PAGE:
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PLANNING COMMITTEE ON APPLYING A HEALTH LENS TO DECISION MAKING IN NON-HEALTH SECTORS1 PAMELA RUSSO (Chair), Senior Program Officer, Robert Wood Johnson Foundation TERRY ALLAN, Health Commissioner, Cuyahoga County Board of Health DAWN ALLEY, Office of the Secretary, U.S. Department of Health and Human Services MARICE ASHE, Founder and Chief Executive Officer, ChangeLab Solutions JAMES KNICKMAN, President and Chief Executive Officer, New York State Health Foundation PHYLLIS W. MEADOWS, Senior Fellow, Health Program, The Kresge Foundation MARTIN JOSÉ SEPÚLVEDA, Fellow and Vice President, Health Research, IBM Corporation AARON A. WERNHAM, Director, Health Impact Project, Pew Charitable Trusts IOM Staff ALINA B. BACIU, Study Director COLIN F. FINK, Senior Program Assistant AMY GELLER, Senior Program Officer LYLA HERNANDEZ, Senior Program Officer ANDREW LEMERISE, Research Associate CAROL MASON SPICER, Associate Program Officer ROSE MARIE MARTINEZ, Director, Board on Population Health and Public Health Practice Consultants THERESA WIZEMANN, Consulting Writer 1 Institute of Medicine planning committees are solely responsible for organizing the workshop, identifying topics, and choosing speakers. The responsibility for the published workshop summary rests with the workshop rapporteur and the institution. PREPUBLICATION COPY: UNCORRECTED PROOFS v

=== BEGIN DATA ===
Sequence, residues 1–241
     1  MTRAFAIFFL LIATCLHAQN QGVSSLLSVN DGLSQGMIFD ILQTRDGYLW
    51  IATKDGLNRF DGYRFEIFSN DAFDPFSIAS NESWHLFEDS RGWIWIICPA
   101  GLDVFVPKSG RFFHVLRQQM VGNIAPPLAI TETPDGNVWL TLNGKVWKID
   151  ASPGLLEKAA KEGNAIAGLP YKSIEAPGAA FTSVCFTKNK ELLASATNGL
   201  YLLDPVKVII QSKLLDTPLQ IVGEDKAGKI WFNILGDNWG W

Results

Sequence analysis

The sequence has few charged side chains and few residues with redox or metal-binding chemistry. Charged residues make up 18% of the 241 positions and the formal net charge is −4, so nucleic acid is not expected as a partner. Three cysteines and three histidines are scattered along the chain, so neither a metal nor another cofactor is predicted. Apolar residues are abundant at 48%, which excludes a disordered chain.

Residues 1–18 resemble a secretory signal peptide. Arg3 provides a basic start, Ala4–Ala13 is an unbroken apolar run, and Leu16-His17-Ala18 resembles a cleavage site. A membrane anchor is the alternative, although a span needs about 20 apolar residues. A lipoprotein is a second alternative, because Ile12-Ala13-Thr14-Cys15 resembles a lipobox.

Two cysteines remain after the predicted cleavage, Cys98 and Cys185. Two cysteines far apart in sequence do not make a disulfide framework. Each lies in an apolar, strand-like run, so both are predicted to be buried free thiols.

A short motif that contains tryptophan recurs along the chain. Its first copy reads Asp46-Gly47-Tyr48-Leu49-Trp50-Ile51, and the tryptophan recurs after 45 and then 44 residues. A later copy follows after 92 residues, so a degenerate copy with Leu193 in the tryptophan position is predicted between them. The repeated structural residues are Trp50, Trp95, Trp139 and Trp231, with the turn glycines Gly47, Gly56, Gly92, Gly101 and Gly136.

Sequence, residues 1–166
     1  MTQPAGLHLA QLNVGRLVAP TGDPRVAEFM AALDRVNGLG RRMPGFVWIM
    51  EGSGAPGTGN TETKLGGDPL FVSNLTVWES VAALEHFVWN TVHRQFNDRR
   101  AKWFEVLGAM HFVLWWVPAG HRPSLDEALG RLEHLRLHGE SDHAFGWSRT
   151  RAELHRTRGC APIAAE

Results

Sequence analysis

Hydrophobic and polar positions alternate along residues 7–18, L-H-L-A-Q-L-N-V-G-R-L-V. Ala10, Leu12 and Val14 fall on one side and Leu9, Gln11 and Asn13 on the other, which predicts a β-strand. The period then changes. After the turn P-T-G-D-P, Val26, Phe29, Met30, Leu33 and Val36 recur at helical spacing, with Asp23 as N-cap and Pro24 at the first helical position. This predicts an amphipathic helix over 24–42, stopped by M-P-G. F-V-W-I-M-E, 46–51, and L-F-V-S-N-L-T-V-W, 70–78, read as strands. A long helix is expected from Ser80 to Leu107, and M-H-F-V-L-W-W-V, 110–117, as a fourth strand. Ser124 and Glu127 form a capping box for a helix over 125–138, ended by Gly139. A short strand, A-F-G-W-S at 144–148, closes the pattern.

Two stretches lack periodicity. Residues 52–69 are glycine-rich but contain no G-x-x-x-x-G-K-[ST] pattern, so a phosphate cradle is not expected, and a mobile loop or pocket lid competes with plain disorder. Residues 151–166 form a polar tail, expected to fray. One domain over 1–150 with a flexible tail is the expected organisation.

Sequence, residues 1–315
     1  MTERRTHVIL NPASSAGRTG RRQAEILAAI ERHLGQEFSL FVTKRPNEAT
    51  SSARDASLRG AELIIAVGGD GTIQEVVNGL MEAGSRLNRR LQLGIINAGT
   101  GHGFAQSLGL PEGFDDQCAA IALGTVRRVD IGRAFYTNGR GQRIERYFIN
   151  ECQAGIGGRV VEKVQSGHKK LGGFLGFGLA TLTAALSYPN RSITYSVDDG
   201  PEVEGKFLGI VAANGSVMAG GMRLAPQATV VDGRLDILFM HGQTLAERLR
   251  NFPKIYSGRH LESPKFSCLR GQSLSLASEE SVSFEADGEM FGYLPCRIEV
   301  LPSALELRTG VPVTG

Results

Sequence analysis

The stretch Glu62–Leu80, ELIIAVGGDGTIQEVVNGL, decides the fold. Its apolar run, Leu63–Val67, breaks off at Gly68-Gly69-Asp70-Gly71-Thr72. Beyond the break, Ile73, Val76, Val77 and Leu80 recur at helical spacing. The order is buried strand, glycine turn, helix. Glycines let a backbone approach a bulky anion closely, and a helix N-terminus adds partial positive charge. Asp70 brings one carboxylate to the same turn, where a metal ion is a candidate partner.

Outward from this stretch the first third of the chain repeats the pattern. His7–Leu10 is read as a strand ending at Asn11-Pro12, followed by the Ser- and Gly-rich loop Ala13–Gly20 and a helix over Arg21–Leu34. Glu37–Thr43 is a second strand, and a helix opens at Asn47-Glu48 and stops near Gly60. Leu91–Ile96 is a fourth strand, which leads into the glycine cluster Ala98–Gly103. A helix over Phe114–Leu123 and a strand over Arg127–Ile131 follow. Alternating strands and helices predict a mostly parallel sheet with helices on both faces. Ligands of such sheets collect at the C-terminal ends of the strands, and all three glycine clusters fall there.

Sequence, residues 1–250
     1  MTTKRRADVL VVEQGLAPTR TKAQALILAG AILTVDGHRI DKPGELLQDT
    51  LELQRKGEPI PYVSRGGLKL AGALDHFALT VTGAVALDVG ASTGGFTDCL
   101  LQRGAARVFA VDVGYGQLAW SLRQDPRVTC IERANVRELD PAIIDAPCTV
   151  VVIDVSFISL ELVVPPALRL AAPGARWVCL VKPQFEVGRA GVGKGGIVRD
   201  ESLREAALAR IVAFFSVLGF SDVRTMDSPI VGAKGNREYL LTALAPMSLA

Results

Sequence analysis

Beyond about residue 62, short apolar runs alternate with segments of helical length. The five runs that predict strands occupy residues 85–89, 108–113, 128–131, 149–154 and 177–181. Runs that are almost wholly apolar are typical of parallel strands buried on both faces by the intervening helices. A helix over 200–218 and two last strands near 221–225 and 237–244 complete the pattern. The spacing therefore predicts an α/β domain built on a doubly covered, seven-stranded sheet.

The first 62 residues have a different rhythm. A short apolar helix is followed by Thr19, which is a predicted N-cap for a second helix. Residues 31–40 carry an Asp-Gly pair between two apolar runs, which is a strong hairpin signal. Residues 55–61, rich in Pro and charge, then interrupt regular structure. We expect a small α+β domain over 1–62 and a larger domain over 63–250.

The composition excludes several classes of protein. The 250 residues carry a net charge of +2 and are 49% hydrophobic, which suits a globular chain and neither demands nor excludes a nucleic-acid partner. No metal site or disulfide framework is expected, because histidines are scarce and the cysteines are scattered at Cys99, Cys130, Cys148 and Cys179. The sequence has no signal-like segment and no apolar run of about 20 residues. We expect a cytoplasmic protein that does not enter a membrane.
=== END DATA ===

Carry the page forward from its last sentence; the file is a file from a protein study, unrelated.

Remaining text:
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ROUNDTABLE ON POPULATION HEALTH IMPROVEMENT1 GEORGE ISHAM (Co-Chair), Senior Advisor, HealthPartners, Inc., and Senior Fellow, HealthPartners Institute for Education and Research. DAVID A. KINDIG (Co-Chair), Professor Emeritus, University of Wisconsin School of Medicine and Public Health TERRY ALLAN, President, National Association of County and City Health Officials, and Health Commissioner, Cuyahoga County Board of Health GILLIAN BARCLAY, Vice President, Aetna Foundation RAYMOND J. BAXTER, Senior Vice President, Community Benefit, Research and Health Policy, and President, Kaiser Foundation International, Kaiser Foundation Health Plan, Inc. DEBBIE I. CHANG, Vice President, Policy and Prevention, Nemours GEORGE R. FLORES, Program Manager, The California Endowment MARY LOU GOEKE, Executive Director, United Way of Santa Cruz County MARTHE R. GOLD, Visiting Scholar, New York Academy of Medicine, and Professor, City College of New York GARTH GRAHAM, President, Aetna Foundation PEGGY A. HONORÉ, Director, Public Health System, Finance and Quality Program, Office of the Assistant Secretary for Health, U.S. Department of Health and Human Services ROBERT HUGHES, President and Chief Executive Officer, Missouri Foundation for Health ROBERT M. KAPLAN, Director, Office of Behavioral and Social Sciences Research, National Institutes of Health JAMES KNICKMAN, President and Chief Executive Officer, New York State Health Foundation PAULA LANTZ, Professor and Chair, Department of Health Policy, The George Washington University School of Public Health and Health Services MICHELLE LARKIN, Assistant Vice President, Health Group, Robert Wood Johnson Foundation THOMAS A. LAVEIST, Professor and Director, Hopkins for Health Disparities Solutions, Johns Hopkins Bloomberg School of Public Health JEFFREY LEVI, Executive Director, Trust for America’s Health SARAH R. LINDE, Rear Admiral, U.S. Public Health Service, Chief Public Health Officer, Health Resources and Services Administration SANNE MAGNAN, President and CEO, Institute for Clinical Systems Improvement PHYLLIS D. MEADOWS, Associate Dean for Practice, Office of Public Health Practice, School of Public Health, University of Michigan, and Senior Fellow, Health Program, The Kresge Foundation JUDITH A. MONROE, Director, Office for State, Tribal, Local, and Territorial Support, Centers for Disease Control and Prevention JOSÉ MONTERO, President, Association of State and Territorial Health Officials, and Director, New Hampshire Division of Public Health Services 1 Institute of Medicine forums and roundtables do not issue, review, or approve individual documents. The responsibility for the published workshop summary rests with the workshop rapporteur and the institution. PREPUBLICATION COPY: UNCORRECTED PROOFS vii